# What is temperature

1. Mar 7, 2009

### ark

moleculars' motion are stoped at absolute zero.
according to the relative theory, does it mean the highest tempearture in our world is the one when all the molecular's velocity is equal to light's?

2. Mar 7, 2009

### Nabeshin

First, at absolute zero molecule's motion doesn't stop. This is a common misconception, and the reasoning is quantum-mechanical and you can read it at:
http://en.wikipedia.org/wiki/Absolute_zero

As far as the second point, no there is no highest temperature. You're right, a molecule's velocity cannot exceed the speed of light, but temperature is a measure of the average kinetic energy of the molecules. According to relativity there isn't a limit on kinetic energy, so temperature can in that sense be infinite.

I seem to recall someone mentioning that due to GR, if your energy density gets too high (corresponding to too high a temperature in a sense), things collapse into a black hole so this could provide a temperature upper bound, but I'm not sure about that.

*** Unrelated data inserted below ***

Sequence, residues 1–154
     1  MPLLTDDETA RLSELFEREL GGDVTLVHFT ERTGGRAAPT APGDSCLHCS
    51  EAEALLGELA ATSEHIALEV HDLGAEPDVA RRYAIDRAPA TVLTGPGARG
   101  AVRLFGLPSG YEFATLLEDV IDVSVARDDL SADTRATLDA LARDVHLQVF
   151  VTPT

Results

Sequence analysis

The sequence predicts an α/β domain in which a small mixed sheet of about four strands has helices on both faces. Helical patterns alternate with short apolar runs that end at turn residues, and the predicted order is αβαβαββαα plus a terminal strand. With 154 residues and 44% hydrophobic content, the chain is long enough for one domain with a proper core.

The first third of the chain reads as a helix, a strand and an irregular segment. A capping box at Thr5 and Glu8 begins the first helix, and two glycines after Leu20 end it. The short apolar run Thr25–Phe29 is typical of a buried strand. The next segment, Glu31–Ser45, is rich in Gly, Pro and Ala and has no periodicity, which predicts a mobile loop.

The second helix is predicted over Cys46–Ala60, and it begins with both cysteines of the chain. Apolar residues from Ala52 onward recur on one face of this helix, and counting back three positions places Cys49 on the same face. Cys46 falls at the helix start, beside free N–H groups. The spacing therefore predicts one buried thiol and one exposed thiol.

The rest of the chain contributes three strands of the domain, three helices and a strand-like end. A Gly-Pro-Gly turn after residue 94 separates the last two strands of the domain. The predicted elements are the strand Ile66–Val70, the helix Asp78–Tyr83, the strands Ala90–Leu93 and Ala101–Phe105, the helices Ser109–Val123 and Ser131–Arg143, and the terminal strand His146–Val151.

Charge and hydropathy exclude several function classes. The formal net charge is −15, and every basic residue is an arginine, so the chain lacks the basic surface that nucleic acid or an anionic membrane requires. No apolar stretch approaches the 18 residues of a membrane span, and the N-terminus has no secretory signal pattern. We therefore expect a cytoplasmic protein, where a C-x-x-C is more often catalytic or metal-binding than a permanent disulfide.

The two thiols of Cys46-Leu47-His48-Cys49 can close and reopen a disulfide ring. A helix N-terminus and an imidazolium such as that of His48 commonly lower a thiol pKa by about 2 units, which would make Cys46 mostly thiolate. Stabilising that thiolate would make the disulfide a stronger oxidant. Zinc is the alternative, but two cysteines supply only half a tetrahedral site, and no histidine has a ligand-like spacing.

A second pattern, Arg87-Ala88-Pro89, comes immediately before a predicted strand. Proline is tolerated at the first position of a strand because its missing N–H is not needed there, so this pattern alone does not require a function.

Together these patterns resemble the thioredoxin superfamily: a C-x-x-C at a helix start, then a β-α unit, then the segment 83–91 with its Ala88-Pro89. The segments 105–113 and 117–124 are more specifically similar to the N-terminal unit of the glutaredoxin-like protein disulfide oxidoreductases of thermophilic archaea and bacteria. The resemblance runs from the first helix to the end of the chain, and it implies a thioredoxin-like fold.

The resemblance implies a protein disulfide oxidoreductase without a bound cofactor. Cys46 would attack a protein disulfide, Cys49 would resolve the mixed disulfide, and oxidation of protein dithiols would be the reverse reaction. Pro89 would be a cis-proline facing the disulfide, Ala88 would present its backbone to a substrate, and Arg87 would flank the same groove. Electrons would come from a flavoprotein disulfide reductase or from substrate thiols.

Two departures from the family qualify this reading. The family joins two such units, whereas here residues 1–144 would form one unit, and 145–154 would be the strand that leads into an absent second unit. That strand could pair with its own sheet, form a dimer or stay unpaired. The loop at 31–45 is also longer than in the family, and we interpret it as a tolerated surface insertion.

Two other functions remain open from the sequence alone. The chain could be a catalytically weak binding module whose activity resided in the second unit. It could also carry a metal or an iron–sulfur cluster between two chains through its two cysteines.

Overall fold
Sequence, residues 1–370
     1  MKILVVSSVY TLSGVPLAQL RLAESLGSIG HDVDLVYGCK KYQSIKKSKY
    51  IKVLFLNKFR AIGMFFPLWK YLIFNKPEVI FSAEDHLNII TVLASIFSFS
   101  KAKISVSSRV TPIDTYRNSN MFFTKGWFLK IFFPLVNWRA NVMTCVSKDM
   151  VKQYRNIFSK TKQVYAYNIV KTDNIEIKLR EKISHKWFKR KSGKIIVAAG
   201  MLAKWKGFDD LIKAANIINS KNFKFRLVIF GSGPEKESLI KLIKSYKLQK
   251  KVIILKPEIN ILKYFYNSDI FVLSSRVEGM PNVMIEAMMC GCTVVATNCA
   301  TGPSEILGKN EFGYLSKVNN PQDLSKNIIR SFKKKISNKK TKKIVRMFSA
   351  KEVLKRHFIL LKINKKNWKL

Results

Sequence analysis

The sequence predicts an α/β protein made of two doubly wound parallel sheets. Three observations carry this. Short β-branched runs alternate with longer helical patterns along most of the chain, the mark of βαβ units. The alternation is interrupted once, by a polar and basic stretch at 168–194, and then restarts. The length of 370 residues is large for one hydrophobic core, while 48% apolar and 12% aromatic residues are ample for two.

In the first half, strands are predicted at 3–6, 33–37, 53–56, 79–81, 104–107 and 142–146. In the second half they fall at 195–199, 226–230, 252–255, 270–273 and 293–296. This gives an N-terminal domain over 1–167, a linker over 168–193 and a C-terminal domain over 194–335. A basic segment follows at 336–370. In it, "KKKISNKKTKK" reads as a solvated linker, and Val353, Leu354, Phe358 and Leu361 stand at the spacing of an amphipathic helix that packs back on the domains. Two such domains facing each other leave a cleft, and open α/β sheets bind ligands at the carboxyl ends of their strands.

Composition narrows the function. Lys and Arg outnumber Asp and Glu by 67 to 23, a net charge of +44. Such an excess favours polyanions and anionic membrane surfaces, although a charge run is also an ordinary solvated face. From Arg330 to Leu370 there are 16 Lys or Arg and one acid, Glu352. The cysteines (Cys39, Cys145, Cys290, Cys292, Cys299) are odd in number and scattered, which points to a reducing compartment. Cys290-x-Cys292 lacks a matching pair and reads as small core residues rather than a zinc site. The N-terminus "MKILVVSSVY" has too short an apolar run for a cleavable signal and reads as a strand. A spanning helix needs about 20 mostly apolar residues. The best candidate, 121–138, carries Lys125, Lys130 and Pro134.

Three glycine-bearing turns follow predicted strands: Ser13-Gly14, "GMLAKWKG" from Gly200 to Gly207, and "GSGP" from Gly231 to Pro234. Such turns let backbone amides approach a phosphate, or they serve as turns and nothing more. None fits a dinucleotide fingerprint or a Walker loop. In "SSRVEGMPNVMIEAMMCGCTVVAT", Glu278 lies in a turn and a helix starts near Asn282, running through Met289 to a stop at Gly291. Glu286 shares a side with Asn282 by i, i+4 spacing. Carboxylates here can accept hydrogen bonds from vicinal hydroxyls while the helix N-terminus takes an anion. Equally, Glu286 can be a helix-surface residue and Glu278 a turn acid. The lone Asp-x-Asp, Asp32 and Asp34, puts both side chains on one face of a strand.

Cheers!

3. Mar 8, 2009

### ark

temperature is too difficult for me to grasp.
:(

4. Mar 8, 2009

### ark

may i say kinetic energy of a substance at absolute zero is at the lowest level that it can't transfer to any other substance.

kinetic energy is defined as E=1/2*m*v^2.
E=0 only if v=0.
molecule's motion doesn't stop at absolute zero. that means v>0, and E>0.
so, may i say absolute zero is a 'relative' lowest energy level accorrding to the zeroth law of thermodynamics.
and is it possible has the TRUE absolute zero that all molecule's motions was stopped?

5. Mar 8, 2009

### Nabeshin

I think you should read the article again. Also, if you're going to be wondering about the upper limit on temperature you should use the relativistic definition of KE:
$$E_{k}=mc^{2}(\gamma-1)$$
So you can see that there is no upper bound on kinetic energy.

6. Mar 9, 2009

### Archosaur

Except for the fact that there is a finite amount of energy in the universe.... right?

7. Mar 9, 2009

### cesiumfrog

Ignoring quantum and relativistic effects, your original post was pretty much correct.

8. Mar 9, 2009

### jobyts

The highest possible temperature, called the Planck temperature, is equal to 10^32 degrees Kelvin.

9. Mar 10, 2009

### cragar

there would haft to be an absolute temperature cause there is only so much energy in the universe to fuel it. we can't creat more energy but we can transform it.